Wednesday, January 24, 2007

Cloud nine

With so many artists acting as curators and a number of curators thinking they might even be artists, it was interesting to see an exhibition where artist and curator combined to present the work. We've talked before about the Magritte show, Magritte and contemporary art: the treachery of images, at the Los Angeles County Museum. It was a knock out. For a start the collection of Magrittes was incredible and unlikely to be brought together again for a long time. There was also a good attempt to place some contemporary work in the context of Magritte’s influence – not so successful, but some stunning work.

What made this exhibition so memorable was the addition of artist John Baldessari onto the exhibition team. As you can see from the photographs Baldessari carpeted the whole exhibition with a custom made cloud scape and papered the ceiling with photographs of the LA freeway system. It was the sort of bravura gesture that only a great artist could get away with. He literally turned the gallery on its head. Let’s face it, if a curator had come up with this idea all hell would have broken loose. So why don’t more curators involve artists in the display of art works? Seeing Jeff Koons bronze life raft sitting on cloud carpet is one of the most astonishingly thought provoking sights we have seen in an art gallery. It is obvious to anyone who has been going to exhibitions over the last ten years or so that most the designers (and all to often they are designers) of our exhibitions don’t have a clue how to energise an exhibition space. The fact is that artists can bring a creative approach to exhibition design that is missing from most of the exhibitions we see. At the very least it’s worth a try.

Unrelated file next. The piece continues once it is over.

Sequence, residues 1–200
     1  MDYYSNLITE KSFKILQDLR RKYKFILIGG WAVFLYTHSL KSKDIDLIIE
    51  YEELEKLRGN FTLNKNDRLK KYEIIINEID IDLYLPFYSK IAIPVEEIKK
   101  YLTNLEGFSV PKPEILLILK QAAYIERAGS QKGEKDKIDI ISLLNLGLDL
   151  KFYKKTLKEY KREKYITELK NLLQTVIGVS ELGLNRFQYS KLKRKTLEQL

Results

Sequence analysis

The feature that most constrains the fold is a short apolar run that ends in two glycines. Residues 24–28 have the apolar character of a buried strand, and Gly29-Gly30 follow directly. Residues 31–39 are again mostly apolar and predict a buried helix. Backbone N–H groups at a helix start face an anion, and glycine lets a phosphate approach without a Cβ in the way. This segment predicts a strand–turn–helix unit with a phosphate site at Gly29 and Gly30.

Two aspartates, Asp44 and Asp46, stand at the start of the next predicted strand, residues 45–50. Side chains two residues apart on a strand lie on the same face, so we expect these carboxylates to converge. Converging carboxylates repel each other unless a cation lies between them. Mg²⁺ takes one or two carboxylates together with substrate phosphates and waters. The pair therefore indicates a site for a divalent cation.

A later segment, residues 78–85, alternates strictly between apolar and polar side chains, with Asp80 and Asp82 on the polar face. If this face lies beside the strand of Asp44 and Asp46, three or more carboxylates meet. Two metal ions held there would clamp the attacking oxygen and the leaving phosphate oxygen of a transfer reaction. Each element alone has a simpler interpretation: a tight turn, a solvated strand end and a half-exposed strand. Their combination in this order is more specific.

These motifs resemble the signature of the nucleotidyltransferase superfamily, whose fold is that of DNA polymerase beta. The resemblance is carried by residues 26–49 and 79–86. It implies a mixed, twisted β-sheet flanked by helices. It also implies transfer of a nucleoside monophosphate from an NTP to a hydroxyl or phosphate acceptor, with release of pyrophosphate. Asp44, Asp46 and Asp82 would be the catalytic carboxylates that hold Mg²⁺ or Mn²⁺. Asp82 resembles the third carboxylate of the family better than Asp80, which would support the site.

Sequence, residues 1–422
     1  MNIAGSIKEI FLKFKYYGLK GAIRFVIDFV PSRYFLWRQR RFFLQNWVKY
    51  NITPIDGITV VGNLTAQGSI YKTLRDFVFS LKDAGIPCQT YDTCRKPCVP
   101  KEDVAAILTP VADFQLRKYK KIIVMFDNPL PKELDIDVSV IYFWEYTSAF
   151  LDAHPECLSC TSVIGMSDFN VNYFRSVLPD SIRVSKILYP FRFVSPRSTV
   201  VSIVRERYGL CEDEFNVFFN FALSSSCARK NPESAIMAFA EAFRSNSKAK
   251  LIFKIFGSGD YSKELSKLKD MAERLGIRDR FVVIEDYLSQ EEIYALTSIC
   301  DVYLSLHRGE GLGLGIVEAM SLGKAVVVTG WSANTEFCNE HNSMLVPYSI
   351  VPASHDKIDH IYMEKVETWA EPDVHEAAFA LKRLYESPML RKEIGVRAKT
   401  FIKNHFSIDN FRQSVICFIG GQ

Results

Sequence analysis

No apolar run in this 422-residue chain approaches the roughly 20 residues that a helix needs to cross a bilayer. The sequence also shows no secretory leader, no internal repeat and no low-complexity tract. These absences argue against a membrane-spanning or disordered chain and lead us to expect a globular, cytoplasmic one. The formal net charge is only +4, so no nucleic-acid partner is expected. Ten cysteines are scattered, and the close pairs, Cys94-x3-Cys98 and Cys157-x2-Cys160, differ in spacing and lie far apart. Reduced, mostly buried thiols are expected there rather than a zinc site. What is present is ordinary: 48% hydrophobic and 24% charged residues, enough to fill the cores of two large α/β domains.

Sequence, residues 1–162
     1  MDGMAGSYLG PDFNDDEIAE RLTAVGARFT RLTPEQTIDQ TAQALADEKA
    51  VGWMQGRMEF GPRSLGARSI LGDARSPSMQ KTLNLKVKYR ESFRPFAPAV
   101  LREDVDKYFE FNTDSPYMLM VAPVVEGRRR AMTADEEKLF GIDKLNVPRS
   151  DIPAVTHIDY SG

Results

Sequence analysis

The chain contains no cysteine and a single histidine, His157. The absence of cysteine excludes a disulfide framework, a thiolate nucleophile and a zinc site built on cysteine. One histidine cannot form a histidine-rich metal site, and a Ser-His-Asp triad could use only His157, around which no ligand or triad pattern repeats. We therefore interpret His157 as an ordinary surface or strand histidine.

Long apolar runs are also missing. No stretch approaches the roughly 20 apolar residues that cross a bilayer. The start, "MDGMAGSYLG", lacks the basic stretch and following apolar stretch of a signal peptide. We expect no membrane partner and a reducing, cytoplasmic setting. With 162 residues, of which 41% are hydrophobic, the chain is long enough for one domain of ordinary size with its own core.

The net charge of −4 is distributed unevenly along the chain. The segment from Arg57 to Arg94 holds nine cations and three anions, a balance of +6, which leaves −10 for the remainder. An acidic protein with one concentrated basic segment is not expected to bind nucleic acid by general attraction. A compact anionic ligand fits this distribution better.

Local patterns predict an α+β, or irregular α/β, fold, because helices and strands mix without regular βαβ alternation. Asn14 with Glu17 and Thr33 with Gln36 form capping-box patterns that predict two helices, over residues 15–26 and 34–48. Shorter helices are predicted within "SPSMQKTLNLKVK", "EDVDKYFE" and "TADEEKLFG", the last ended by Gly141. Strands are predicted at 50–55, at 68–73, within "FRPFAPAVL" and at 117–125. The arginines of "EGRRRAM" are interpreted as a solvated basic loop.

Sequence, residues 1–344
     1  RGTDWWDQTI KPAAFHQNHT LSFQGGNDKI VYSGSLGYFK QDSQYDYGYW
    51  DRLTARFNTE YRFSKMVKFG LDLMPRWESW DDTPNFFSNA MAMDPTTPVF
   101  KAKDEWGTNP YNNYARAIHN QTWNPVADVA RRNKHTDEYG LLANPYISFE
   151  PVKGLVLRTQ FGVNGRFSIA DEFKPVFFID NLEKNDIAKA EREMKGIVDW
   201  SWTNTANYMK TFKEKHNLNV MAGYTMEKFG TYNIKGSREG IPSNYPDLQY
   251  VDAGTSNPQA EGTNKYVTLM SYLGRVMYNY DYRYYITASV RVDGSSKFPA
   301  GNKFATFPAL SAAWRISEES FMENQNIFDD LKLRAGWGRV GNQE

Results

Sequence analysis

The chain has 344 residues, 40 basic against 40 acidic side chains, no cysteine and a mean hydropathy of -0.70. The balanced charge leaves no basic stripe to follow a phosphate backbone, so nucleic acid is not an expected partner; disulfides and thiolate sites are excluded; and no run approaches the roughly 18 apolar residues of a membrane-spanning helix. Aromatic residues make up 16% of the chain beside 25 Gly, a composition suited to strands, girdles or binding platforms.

Photo: LACMA, Peter Brenner